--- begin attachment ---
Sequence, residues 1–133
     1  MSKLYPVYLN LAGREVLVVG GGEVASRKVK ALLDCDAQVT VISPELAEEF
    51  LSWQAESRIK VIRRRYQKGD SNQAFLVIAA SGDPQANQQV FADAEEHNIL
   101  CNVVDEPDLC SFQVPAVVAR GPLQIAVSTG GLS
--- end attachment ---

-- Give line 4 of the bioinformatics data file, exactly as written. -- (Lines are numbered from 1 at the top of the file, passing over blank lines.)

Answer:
   101  CNVVDEPDLC SFQVPAVVAR GPLQIAVSTG GLS